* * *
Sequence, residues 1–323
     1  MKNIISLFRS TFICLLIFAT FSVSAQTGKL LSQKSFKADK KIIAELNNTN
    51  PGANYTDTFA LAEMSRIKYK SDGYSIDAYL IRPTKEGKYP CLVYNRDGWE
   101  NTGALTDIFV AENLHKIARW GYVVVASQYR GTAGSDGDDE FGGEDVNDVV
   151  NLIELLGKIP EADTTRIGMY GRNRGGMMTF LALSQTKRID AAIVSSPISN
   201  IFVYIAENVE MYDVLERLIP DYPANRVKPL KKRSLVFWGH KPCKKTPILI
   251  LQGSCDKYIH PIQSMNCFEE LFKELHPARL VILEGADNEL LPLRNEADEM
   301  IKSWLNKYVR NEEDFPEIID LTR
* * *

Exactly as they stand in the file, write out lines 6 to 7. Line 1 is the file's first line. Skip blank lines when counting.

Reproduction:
   201  IFVYIAENVE MYDVLERLIP DYPANRVKPL KKRSLVFWGH KPCKKTPILI
   251  LQGSCDKYIH PIQSMNCFEE LFKELHPARL VILEGADNEL LPLRNEADEM